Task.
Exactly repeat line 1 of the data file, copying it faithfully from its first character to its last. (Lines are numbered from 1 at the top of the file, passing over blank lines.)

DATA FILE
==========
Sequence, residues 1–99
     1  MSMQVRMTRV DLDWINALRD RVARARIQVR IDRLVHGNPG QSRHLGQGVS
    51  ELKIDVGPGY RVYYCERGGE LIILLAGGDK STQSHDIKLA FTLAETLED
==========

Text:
Sequence, residues 1–99